Nicholas Bates, PhD Student, University of Surrey
Placement companyNational Co-ordinating Centre for the Physics of Mammography
What attracted you to choose the University of Surrey and to study your course here?
Having previously studied here for my BSc, the opportunity to further my knowledge with the MSc programme was ideal, especially when combined with the generosity of a scholarship from the Braithwaite Foundation. The course here also focuses on practical clinical knowledge in the second semester, delivered by experts in the field which is especially of interest to me.
What is your strongest memory of your time at Surrey – what do you picture first when you think of being here?
I’ve been an active member of multiple societies and sports teams, so my strongest memory is largely playing American Football at Surrey Sports Park.
What were the best things about your course?
The opportunities to visit medical physics departments at both the RSCH and Portsmouth Hospital to gain interactive experience of working in an NHS department as a medical physicist.
What do you do now and what do you find the most enjoyable about your line of work? Have there been any highlights?
I am now continuing at Surrey as a PhD student, working in Nuclear Medicine research in the hope of becoming a Research Physicist in a department once I graduate.
I most enjoy the mix of experimental research and the opportunity to assist with work in the Nuclear Medicine department.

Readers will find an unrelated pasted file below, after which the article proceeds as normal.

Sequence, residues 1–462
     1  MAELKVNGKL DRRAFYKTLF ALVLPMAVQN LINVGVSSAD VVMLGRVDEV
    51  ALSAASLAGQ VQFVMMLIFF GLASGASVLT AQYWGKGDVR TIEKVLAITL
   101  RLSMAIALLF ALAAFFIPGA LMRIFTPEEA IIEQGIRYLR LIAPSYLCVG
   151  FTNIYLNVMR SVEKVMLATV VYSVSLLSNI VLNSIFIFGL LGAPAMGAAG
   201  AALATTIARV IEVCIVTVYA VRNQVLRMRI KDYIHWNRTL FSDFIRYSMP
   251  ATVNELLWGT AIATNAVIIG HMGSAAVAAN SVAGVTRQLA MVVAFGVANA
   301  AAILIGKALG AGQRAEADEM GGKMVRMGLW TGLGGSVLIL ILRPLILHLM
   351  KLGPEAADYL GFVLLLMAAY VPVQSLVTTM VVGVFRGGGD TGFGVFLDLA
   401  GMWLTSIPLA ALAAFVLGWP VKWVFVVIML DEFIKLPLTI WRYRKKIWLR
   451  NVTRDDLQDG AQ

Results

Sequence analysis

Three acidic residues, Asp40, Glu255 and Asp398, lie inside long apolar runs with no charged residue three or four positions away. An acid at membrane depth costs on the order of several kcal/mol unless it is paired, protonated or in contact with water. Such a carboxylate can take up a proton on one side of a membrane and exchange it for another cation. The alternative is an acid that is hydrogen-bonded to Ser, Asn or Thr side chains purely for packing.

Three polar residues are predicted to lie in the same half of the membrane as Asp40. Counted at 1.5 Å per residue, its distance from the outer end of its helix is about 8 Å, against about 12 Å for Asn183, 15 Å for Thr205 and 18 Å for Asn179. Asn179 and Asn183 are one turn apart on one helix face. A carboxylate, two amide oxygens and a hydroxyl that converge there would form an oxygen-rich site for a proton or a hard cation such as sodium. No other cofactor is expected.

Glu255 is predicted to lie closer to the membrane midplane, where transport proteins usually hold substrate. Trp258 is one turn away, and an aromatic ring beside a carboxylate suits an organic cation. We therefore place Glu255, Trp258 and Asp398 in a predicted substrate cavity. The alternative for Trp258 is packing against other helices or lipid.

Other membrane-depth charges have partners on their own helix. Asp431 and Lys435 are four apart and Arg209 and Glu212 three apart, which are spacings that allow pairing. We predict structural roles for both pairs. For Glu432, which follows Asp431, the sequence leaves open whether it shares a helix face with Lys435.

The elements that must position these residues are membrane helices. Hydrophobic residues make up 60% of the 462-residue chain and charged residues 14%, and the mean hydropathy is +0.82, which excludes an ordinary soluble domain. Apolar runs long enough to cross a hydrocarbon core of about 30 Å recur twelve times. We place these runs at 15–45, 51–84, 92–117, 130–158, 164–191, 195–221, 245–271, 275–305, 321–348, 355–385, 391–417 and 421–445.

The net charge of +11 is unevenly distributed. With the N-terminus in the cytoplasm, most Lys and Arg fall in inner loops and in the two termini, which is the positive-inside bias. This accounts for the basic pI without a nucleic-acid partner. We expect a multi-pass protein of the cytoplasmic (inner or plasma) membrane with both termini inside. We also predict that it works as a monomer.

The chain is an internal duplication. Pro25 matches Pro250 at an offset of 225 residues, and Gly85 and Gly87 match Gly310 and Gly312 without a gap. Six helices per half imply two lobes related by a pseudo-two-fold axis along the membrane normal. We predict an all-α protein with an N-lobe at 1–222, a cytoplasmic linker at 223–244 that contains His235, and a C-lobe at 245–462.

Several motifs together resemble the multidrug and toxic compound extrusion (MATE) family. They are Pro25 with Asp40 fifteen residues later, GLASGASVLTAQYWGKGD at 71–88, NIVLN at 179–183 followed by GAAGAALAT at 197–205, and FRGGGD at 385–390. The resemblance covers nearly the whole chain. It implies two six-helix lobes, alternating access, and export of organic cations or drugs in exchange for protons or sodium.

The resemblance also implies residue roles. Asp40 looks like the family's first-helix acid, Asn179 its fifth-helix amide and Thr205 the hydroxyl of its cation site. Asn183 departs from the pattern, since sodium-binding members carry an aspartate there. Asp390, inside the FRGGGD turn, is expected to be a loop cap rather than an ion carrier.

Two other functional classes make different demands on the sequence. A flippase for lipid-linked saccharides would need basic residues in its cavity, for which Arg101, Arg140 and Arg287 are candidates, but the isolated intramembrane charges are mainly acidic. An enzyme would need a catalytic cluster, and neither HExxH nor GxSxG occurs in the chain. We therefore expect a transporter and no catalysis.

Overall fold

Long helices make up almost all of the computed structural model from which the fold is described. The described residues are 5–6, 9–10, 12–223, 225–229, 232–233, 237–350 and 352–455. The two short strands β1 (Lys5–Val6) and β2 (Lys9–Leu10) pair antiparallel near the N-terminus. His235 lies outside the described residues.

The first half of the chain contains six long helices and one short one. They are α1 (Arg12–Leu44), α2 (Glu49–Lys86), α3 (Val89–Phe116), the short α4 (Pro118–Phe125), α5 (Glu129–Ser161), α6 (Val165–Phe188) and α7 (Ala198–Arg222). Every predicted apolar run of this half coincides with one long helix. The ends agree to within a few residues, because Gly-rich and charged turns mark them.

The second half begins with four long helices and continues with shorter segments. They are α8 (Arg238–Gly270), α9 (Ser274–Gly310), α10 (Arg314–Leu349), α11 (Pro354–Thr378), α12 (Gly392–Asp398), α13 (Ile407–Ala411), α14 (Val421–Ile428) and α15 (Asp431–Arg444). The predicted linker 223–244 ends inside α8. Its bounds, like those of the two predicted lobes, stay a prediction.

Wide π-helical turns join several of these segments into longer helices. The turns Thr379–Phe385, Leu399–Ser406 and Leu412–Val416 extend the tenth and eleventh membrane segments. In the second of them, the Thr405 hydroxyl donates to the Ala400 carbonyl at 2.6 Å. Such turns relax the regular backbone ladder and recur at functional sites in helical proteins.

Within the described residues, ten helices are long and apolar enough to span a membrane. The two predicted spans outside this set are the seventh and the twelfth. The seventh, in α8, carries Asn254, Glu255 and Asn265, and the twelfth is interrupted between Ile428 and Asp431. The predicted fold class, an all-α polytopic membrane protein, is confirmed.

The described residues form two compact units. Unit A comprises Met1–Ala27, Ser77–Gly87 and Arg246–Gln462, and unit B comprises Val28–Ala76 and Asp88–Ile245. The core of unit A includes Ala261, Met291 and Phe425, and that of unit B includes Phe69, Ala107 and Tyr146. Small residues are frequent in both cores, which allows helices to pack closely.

How did your time at Surrey help you choose what career to go into? Did a Professional Training placement help you decide?
During my BSc, I undertook a Professional Training placement working at the National Co-ordinating Centre for the Physics of Mammography. My time there, combined with my experience on the MSc course, has solidified my decision to work in the NHS once I graduate.
What are your top tips for students aspiring to work in your profession?
When deciding whether to do a PhD the main question you must ask yourself is how much you want to do it. It requires a great deal of self-motivation and if you start to question yourself it is exceptionally hard to work through it.
Finally, do you have any other comments you’d like to offer about your time at Surrey or life after university?
I will always remember my time here, by the end of my PhD I’ll have spent the better half of a decade here and I wouldn’t change it for anything as I’ve met some life-long friends here.